9. That is darn right you’re not alone.
    I’m not diagnosing or anything like that but so many things you say there remind me of how I felt before I got diagnosed with bi-polar by a psychiatric nurse practitioner, they are the best. Not SW’s or psychiatrist’s . They never helped me.
    The impending doom, the little boat, the tenseness, the crying for days and the cyclical nature of it. That was me, too. We may put those feelings of anger, etc. away, but our body doesn’t. And it doesn’t have to be genetic, often it is caused by past trauma, it can trigger all of it. My med’s changed my life. God knows it is not a cure, but a big, big partner in the managing of this disorder.
    Perhaps you’ve already seen someone about this, but if I were you, I’d try again.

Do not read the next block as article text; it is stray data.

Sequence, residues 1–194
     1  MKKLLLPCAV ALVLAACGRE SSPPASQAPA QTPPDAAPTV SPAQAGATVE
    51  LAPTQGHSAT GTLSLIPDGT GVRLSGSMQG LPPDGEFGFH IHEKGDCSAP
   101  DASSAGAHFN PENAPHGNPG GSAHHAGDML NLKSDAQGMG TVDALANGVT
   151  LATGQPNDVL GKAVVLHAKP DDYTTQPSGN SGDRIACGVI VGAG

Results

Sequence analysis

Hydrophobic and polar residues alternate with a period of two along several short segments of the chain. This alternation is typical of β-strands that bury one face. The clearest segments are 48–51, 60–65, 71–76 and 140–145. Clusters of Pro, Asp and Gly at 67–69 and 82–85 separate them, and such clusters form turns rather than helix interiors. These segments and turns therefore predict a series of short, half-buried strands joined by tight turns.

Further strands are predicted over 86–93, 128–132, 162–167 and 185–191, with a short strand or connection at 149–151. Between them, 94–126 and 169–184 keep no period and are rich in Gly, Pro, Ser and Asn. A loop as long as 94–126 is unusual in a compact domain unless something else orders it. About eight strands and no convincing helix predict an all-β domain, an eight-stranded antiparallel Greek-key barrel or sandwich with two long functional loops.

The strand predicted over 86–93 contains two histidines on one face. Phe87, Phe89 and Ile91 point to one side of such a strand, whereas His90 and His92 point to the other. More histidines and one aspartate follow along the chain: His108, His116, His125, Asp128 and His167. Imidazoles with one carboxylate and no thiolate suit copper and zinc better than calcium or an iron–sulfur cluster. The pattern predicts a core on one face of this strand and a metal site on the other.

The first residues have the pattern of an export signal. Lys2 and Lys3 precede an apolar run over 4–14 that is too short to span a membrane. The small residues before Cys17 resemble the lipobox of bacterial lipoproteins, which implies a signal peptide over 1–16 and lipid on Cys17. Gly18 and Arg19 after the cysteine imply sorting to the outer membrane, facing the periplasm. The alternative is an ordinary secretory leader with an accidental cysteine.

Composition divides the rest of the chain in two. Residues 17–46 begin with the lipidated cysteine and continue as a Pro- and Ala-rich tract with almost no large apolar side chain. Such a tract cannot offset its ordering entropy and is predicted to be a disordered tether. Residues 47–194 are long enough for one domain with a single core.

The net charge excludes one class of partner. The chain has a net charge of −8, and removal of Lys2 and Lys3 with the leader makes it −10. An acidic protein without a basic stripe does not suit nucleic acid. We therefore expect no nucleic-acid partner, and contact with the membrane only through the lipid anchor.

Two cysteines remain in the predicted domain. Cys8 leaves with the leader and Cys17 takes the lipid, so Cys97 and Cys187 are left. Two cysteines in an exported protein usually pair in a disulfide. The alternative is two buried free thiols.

Just a thought, Birdie, because you are very important to me and so very worthy of having some peace from this.
    Love you.

  10. Nope you most certainly are not alone. I got up today and sat around for awhile and then promptly went back to bed until late in the afternoon. That bone deep tiredness that nothing can shake makes life so hard.

  11. I’m sorry you have to go through this, Birdie.

    PS: I’m leaving this comment from the tablet. The other one from the computer. Trying to see if it makes a difference because my comments just aren’t getting through.

  12. Interestning. On the tablet, it readys that my comment is awaiting moderation but when I post from the desk top, I don’t see this. Be curious to see if the desk top one makes it through.

  13. You put those feelings into words so well Birdie. That feeling of losing your child, yes, it’s just like that. Sheer horror and panic then exhaustion or numbing. You’re not alone and thank you for being here and giving a voice to so many who cannot find the words to explain or to understand.

Comments are closed.